Poetry Friday – On Gun Violence

Thank you, Karen Edmisten, for hosting Poetry Friday today and so glad you are here celebrating journals, life, and poetry month today.

This month I am digging through magnetic words with Laura Salas and others. We are making tiny poems. Yesterday, when I saw the words fear and arm in the upper left hand corner, I knew I had to write about guns.

The titles needed to be north, south, east, west or directions. While these titles didn’t really fit, I figured West was most appropriate. Historically, we’ve acted as if the west is more civilized–[read white supremacy]–but we are proving yet again this is not the case. Here is what I wrote yesterday for Laura’s challenge:

Don’t Go West
mind crush
armed up
for delirious fear

Then yesterday and today at #Verselove, I couldn’t write about anything else. Here is a Fibonacci poem inspired by some of the words above.

On Being Armed in America
crush life
with fear of losing–
Don’t drive. Don’t ring. And don’t mistake.
Don’t be six, and retrieve your ball from next door.

On Thursday morning, I heard Anand Giridharadas speak on “anonymous trust.” He also wrote a beautiful and haunting article called, “Kaylin, Ralph, and the death of anonymous trust.” After reading it, I wrote a septercet sonnet:

Anonymous Trust Cracking
Kaylin and friends are driving
by mistake to the wrong place
without a word, she’s shot dead
Ralph’s out to pick up brothers
by mistake he rings the wrong
door–no hearing why–just shot
the great accomplishment of
modern societies is
anonymous trust. But now
America’s is cracking.
We are reverting to past:
moated castles need defense.
Democracy requires
a bit of faith in others

17 thoughts on “Poetry Friday – On Gun Violence

  1. Thank you, Dennis, for modeling how to process our sorrow and feelings of helplessness about these recent tragedies and what they mean for society. Your fib is the spot on truth about the “fear of losing”.

  2. What a world we are living in! I hope people decide they don’t want mistakes to be deadly and to always be afraid. Change is possible.

  3. That “delirious fear” is not part of what I even understand, Denise. You’ve shown the tragic thoughts that need addressing but the ‘why now?’ is disturbing every day. Thanks for both poems highlighting our plight.

  4. Denise, you got such a powerful poem from that prompt. Brava. “Don’t be six” makes me tear up.

    I’m continuing on my haiku a day for NPM, which has been fun.

  5. These are heart wrenching, especially the Las, about anonymous trust. It’s tragic and I wonder how far it is till rock bottom and maybe change.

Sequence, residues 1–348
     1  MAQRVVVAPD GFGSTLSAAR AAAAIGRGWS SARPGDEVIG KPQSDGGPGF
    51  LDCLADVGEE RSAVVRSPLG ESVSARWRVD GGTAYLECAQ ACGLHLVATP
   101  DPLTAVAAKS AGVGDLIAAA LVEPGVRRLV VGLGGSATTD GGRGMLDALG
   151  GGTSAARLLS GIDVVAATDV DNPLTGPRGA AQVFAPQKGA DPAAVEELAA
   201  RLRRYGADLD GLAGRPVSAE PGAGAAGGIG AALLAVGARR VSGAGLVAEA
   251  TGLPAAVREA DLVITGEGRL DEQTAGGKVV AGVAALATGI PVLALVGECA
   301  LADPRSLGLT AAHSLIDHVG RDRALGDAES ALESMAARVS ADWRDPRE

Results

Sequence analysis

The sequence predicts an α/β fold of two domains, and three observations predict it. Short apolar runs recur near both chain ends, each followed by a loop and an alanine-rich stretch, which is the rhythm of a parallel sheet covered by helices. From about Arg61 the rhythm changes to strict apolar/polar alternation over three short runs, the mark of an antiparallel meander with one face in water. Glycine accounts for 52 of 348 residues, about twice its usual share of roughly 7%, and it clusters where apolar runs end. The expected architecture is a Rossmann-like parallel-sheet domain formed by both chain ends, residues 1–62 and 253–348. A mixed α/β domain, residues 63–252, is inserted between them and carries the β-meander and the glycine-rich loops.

6. Your last two poems have been so helpful — it’s amazing how hard it is to find words for these things, but I’ve been writing emotional poetry all week. Thank you for your poetry, especially the last two. Delirious with fear of losing — dear God, that’s a disease. And democracy DOES require faith. Thank you for all the links; I’ll return to this post, I”m sure.

  7. Denise, thank you for sharing these. It means a lot to read your words.

  8. I’d never heard of anonymous trust before, and now I can’t stop thinking about this concept. This week’s news was heartbreaking, infuriating. The simple, unsafe tasks you list in your Fibonacci poem struck a nerve for me.

  9. Thank you for putting words on these things that are weigh very heavily on my (and so many people’s) hearts as we ask ourselves what we can do. The idea of reverting to the past and the sense of separation in the image of a castle with a moat are powerful.

  10. Wow, Denise. Your post sent me down a rabbithole of articles. Your “Being Armed in America” is really powerful. And thank you especially for that link about anonymous trust. It does indeed seem America is un-developing. Thanks for using your poetry to inspire deep thought…

  11. I hate the truth of this poem…but I’m glad you wrote it. Amen and amen.

  12. That’s what writers do – they process their sorrow and try to make sense of things with words. Thank you for your powerful responses. Yes to “Democracy requires
    a bit of faith in others.”

  13. Thoughtful post, Denise – thank you for responding to the week’s madness with these poetic words. When I see Anand Giridharadas on TV, I always lean in to listen….

  14. Thanks for writing about this terrible, impossible subject.

  15. I feel like this country is losing its mind and I can barely process what is happening with guns. I’m so sick and tired of the gun violence and yet I know what I feel is only a fraction of the sorrow and grief of the victims’ families and loved ones. No one, no one, no one needs to own an automatic weapon, and when did we turn into a country of people who shoot first (children!) and ask questions later? It’s heart-wrenching.

    Thanks for writing about this vital issue.

  16. sigh… wouldn’t it be wonderful if poets never had to write about senseless gun deaths ever again?

Comments are closed.